Running Wild (novella)
This article does not cite any sources. (August 2018) (Learn how and when to remove this template message)
Cover of first edition (hardcover)
|Author||J. G. Ballard|
|Media type||Print (Hardcover & Paperback)|
|LC Class||PR6052.A46 R8 1988|
|Wikiquote has quotations related to: Running Wild (novella)|
The novel takes the form of a detective novel, recounting the investigation of a mysterious massacre in suburbia through the diary of a forensic psychiatrist.
Pangbourne Village is an estate for the upper middle class, protected by security fences and discreet guards. Its ten families are wealthy, respectable, 40-something couples with adolescent children on whom they lavish everything money can buy.
One morning it is discovered that all the adult residents have been killed and the children have disappeared without trace. Dr Richard Greville of Scotland Yard puzzles over the scanty evidence: it gives no leads to the identity of the murderers and kidnappers. No demands for ransom are received. No terrorist group claims responsibility.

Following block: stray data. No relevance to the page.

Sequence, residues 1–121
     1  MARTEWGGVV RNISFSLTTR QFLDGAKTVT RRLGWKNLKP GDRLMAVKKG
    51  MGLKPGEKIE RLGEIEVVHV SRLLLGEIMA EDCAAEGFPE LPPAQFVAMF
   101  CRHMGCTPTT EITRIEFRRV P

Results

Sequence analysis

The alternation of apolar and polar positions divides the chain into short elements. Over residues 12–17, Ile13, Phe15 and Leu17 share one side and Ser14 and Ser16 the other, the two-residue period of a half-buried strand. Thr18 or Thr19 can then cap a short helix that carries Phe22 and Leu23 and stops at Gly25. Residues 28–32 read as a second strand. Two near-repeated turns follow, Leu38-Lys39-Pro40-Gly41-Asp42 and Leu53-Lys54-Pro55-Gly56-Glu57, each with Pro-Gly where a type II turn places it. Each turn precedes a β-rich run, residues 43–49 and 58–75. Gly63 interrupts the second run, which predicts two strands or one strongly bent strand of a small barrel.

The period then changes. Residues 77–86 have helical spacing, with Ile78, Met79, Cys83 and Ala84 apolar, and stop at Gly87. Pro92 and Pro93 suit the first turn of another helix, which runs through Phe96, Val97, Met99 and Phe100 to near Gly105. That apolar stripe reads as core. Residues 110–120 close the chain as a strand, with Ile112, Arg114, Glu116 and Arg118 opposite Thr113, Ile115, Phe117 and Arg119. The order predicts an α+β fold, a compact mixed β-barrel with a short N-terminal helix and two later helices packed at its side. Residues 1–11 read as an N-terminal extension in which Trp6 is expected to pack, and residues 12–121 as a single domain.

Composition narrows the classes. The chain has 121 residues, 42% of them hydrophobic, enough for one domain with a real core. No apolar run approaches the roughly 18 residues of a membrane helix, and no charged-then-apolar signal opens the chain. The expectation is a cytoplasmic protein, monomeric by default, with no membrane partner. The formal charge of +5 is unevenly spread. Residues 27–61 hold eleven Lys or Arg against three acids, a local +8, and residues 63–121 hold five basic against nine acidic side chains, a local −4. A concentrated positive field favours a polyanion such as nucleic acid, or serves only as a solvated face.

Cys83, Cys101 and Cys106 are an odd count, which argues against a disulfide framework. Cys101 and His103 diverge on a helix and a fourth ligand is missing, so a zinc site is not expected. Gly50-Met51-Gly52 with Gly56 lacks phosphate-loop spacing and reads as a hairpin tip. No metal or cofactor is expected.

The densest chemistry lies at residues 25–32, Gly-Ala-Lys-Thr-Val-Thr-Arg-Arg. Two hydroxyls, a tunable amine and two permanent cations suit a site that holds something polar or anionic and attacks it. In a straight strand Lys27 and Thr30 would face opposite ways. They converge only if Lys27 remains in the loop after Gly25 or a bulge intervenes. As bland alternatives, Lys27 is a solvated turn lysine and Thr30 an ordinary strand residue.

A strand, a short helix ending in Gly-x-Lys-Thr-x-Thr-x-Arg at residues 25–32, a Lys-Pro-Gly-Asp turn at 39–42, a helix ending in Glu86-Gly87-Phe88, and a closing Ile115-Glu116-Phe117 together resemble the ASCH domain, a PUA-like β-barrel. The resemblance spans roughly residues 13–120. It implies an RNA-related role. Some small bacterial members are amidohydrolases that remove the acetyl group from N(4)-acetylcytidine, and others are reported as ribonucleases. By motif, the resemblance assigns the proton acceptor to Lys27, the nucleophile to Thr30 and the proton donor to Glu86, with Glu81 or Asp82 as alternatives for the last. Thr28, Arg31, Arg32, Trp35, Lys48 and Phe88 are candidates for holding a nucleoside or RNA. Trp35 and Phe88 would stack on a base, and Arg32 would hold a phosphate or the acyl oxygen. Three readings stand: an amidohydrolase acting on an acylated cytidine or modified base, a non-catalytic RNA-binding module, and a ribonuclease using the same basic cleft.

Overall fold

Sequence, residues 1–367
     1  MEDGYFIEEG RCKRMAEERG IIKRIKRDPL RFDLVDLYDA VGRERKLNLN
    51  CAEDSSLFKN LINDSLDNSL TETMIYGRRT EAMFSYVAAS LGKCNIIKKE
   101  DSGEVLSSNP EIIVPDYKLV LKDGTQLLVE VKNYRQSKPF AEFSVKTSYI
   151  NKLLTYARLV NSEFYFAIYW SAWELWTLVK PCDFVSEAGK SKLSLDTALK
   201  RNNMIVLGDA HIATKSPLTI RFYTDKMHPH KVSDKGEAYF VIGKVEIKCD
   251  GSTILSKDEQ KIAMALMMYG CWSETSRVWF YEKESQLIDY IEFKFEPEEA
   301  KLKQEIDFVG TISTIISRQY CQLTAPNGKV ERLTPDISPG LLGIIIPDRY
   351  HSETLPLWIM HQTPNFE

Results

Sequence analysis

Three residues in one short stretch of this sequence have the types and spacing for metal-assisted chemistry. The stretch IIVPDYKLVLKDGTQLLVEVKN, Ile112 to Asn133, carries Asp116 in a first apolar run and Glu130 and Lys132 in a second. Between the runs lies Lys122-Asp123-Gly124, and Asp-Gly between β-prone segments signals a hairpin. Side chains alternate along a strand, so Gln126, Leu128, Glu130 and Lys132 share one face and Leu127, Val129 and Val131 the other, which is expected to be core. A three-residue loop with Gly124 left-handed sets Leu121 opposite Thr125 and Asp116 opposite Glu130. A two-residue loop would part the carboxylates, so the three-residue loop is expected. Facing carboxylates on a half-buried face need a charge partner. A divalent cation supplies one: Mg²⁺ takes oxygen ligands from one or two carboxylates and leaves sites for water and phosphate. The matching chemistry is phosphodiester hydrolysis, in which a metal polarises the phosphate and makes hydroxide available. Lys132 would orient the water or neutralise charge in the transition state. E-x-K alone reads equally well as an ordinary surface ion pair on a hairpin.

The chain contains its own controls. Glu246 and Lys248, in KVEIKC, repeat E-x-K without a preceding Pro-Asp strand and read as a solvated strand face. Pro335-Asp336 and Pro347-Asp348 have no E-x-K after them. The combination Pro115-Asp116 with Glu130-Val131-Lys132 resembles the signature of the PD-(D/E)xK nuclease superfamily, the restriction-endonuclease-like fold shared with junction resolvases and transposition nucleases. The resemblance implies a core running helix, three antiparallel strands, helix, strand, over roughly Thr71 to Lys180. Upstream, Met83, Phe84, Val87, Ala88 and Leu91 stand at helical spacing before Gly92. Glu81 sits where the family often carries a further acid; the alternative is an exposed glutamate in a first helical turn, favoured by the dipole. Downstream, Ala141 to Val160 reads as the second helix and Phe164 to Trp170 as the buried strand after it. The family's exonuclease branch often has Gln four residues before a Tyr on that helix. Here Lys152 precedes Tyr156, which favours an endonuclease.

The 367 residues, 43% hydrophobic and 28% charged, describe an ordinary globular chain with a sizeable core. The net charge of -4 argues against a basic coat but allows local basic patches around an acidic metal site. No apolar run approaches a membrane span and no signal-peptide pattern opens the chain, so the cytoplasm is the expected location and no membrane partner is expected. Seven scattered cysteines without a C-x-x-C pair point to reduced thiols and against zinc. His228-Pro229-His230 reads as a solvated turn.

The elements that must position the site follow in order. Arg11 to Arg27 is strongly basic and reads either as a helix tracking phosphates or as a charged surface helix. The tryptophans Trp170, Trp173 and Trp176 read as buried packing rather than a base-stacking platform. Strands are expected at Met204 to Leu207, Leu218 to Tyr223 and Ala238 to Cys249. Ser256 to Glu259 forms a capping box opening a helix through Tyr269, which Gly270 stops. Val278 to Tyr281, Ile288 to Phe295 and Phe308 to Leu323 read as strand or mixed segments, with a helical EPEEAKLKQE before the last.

The reader soon realizes that the missing children are also the missing murderers. Their controlled upbringing has left them no way to establish their own identities except by rebelling into criminal savagery. However, in a tradition of obtuse policemen going back to Inspector Lestrade in the Sherlock Holmes stories, Greville resists drawing this obvious conclusion - until the children strike again.
|This article about a mystery novel of the 1980s is a stub. You can help Wikipedia by expanding it.|
See guidelines for writing about novels. Further suggestions might be found on the article's talk page.